A function is a section of code that is called by name. It can be passed data to operate on and can optionally return data. All data that is passed to a function is explicitly passed.
A method is a section of code that is called by name that is associated with an object.
The key differences between a function and a method are:
- A method is implicitly passed the object for which it was called
- A method is able to operate on data that is contained within the class (remembering that an object is an instance of a class - the class is the definition, the object is an instance of that data)
Objective-C can handle both function and method calls. The advantage of function calls is that they are marginally quicker than method calls as you go straight to the functionality and don't have to look for the method selector in the dispatch table. The dispatch table is effectively your classes inheritance hierarchy tree (with your class at the bottom and NSObject at the top), with a method call you gradually work your way up the tree until it finds the method/selector you are interested in, it then returns and caches this method's address for future use. This caching improves return speed but still not at the level of efficiency that a function call produces.
[objectThatContainsMethod methodName:(BOOL *)firstArg];
void (*setter)(id, SEL, BOOL);
setter = (void (*)(id, SEL, BOOL))[target methodForSelector:@selector(methodName:)];
setter(target, @selector(methodName:), YES);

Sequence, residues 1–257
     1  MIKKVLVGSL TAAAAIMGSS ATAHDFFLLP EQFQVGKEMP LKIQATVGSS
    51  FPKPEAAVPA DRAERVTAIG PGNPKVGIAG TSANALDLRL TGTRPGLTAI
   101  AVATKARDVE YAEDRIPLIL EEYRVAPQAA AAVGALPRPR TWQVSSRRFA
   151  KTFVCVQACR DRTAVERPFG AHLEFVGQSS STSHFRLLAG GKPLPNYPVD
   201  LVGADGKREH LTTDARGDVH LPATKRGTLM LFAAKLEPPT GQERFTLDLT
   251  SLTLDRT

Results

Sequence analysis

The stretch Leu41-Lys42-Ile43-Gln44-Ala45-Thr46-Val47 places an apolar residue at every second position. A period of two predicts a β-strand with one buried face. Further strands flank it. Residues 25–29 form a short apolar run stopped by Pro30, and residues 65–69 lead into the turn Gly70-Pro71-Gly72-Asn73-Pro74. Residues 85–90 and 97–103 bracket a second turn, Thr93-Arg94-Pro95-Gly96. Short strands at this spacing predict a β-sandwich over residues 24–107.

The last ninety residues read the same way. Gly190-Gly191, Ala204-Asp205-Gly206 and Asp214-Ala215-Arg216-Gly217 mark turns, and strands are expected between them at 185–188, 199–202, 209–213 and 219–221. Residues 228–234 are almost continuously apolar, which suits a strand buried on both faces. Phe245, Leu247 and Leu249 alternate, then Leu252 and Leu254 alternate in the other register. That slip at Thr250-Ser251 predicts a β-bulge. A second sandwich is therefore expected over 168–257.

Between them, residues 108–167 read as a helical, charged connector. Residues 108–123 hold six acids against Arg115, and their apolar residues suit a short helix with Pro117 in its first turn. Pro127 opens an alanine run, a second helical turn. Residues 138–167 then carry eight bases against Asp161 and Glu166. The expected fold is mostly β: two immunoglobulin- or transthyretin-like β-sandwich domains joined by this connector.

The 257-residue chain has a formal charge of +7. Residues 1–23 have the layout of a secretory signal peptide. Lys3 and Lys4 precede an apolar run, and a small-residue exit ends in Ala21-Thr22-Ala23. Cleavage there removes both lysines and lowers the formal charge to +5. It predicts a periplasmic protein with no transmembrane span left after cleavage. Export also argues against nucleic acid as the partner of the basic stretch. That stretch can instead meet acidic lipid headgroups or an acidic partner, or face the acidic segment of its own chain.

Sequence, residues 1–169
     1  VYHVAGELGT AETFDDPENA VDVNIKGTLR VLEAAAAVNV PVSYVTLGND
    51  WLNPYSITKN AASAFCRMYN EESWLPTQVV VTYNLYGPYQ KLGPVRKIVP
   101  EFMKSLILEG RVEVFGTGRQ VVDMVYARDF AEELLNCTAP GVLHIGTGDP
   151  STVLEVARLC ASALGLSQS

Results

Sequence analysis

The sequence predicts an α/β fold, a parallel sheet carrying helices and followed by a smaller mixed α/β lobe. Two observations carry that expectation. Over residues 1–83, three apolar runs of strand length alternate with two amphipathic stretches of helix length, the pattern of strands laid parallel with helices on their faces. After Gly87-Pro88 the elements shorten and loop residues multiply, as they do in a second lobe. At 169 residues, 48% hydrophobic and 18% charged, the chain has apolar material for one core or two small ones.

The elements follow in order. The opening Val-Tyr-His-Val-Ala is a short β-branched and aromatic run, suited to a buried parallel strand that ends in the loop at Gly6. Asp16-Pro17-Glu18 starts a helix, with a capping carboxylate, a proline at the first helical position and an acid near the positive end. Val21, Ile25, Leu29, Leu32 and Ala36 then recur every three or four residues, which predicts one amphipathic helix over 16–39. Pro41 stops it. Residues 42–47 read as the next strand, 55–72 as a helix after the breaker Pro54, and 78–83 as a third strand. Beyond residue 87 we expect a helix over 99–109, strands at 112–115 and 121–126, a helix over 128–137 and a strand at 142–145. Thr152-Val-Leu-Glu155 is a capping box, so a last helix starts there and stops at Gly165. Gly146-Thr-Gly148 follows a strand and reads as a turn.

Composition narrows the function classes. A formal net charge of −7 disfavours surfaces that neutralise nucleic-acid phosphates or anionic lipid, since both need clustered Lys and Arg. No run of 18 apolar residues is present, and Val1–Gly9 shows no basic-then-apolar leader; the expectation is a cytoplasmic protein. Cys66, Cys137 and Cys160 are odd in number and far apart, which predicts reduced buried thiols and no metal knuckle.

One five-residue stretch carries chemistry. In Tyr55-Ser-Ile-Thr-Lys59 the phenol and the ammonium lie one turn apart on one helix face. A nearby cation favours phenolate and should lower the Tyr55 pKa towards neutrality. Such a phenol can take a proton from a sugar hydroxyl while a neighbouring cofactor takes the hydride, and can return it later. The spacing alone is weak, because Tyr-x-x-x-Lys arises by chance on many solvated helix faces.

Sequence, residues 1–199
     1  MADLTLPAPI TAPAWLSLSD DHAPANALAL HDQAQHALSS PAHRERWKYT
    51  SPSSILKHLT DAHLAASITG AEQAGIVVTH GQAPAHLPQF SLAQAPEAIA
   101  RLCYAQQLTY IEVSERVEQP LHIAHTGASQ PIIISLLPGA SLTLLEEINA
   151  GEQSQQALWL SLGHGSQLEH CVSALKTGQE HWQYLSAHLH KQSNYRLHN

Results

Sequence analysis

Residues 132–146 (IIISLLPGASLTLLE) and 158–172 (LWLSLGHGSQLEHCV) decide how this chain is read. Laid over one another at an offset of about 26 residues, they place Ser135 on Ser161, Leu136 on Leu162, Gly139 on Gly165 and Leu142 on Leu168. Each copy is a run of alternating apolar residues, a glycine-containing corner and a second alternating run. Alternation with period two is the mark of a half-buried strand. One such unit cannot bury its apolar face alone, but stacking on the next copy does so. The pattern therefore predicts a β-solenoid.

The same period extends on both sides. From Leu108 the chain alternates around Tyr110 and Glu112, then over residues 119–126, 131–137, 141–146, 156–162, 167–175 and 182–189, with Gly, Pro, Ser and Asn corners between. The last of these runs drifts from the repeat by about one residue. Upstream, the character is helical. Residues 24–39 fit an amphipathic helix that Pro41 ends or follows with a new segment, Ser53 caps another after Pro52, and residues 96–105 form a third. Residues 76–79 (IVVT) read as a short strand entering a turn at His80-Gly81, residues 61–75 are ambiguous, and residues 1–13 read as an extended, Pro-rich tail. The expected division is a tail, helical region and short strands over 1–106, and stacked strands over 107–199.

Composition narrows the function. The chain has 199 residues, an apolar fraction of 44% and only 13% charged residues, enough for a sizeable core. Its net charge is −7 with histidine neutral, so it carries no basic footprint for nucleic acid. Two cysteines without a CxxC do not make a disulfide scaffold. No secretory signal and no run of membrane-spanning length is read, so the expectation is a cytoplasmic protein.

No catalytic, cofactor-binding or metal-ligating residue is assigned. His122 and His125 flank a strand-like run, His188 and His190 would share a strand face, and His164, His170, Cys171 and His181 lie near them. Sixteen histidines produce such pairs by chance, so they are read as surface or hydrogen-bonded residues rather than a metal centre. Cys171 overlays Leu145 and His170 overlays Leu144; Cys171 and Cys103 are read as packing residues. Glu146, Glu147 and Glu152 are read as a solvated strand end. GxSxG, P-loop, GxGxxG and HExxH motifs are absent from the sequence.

The first difference you notice is that the function takes more code and at first glance is not as pretty. Lets walk through it:
- Line 3, is acquiring the address of the method/function in dispatch tree so that it can go directly to it rather than having to check where it is each time
- You'll notice that the function call takes more arguments than its equivalent method call. This is actually not true, both take the same amount of arguments at runtime, it is just that with the method call the Objective-C runitme implicitly adds the first two arguments: id and SEL. id - calling object, SEL - selector representation of method/function. A selector actually works by storing the method name and assigning it a unique id (the same name can exist in multiple object and will all have the same id), this allows polymorphism and dynamic binding to occur. By removing this flexibility when using a function call you are tiring your code into using one implementation of a method on one specific class.
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